Detailed map of the area around Yuma, Arizona prepared by G.S.Crites, Assistant Engineer of the Southern Pacific Railway, in connection with the Yuma Project of the US Bureau of Reclamation, showing transportation lines, levees and a new port of entry from Mexico.
The map depicts the system of levees constructed between 1907-1909 in order to protect the banks of the Colorado River from flooding and its historical course-changing meandering. The Reservation levee was constructed on the west bank of the river between Lagunato and Araz. The Yuma Valley levees were on the east bank of the river until the Colorado-Gila River confluence and then to the Mexican border. To maintain the levees, the Bureau of Reclamation built rail lines on top of the Reservation levee so rail cars could reinforce or fill in problem areas. This proved successful during a major flood in 1912 and the Bureau asked Southern Pacific Railway if another line could be built on the Yuma Valley levee but they were reluctant. With its own acquired funding, the Bureau began to construct the Yuma Valley Railway in May 1914 and despite hot temperatures and wage strikes, construction was completed in February 1915.
The map was prepared during a time period when the US Government and the Southern Pacific Railroad were collaborating in the construction of a series of levees, and displays the existing lines of the Southern Pacific Railroad along the International Border and the Colorado River and the various levees in existence and under construction in the area, to the southwest of the confluence of the Gila River and Colorado River.
Several railroad details are shown, as are the Old Bed of the Colorado River (shown as dry as of January 28, 1911), the Old Slough to Volcano Lake, the C.D. Canal, Alamo River and other details. The New Port of Entry east of the Colorado River between Arizona and Mexico is shown.
The Yuma Project was a U.S. Bureau of Reclamation project built to irrigate over 68,000 acres of land in Yuma County, Arizona and parts of Imperial County, California. The project was designed to exploit year-round farming conditions and water from the Colorado River. It consists of the Laguna Diversion Dam, pumping plants, a power plant, a 53-mile system of canals, 218 miles of lateral canals, levees and drains. The project began in 1903 and the majority of the work was completed by 1915. It was the first dam and reclamation project on the Colorado River and workers had to overcome many natural and logistical obstacles to build and maintain it. The Laguna Diversion Dam was replaced by the Imperial Dam as the Project's water source between 1941 and 1948.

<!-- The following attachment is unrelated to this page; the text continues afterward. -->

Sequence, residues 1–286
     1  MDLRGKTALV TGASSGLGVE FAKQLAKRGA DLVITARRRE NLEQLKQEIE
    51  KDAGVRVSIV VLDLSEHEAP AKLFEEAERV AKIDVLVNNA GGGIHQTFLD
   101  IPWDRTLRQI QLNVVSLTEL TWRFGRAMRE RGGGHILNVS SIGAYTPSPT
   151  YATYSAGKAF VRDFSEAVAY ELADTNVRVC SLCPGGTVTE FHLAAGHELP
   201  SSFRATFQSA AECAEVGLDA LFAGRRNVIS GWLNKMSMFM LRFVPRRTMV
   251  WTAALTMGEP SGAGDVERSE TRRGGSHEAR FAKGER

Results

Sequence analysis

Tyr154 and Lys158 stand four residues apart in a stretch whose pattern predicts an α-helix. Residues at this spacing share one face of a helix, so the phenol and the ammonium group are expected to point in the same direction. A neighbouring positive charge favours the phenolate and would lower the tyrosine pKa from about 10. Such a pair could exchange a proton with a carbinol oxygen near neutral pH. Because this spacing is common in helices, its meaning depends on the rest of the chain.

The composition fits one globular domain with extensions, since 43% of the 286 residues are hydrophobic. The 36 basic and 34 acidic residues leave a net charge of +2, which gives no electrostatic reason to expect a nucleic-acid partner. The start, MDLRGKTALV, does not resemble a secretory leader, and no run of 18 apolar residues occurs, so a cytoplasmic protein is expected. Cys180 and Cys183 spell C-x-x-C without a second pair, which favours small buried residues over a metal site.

In 1854, the United States purchased the future Yuma Project's land in the Gasden Purchase, but had created the Fort Yuma Indian Reservation in 1884 to settle the indigenous Quechuan Indians. Much of the land was disputed in the 1890s and in 1910, the Dawes Severalty Act opened the land to white settlers which led to further disputes. A series of court battles between the United States and the landholders led to the United States winning a decision and acquiring the land in 1898.
Farmers immediately began constructing gravity-fed irrigation systems in the area which proved inconsistent and ultimately ineffective. In 1902, the Reclamation Act was passed, allotting funds for western farm development and creating the U.S. Bureau of Reclamation.
In 1903, U.S. President Theodore Roosevelt turned the entire Fort Yuma Indian Reservation over to the Bureau of Reclamation for development. Future farmers in the area formed the Yuma County Water Users' Association later in 1903 and in 1904, U.S. Secretary of the Interior Ethan A. Hitchcock authorized the Yuma Project. The project included a series of dams, canals and levees, which were constructed over the next decade.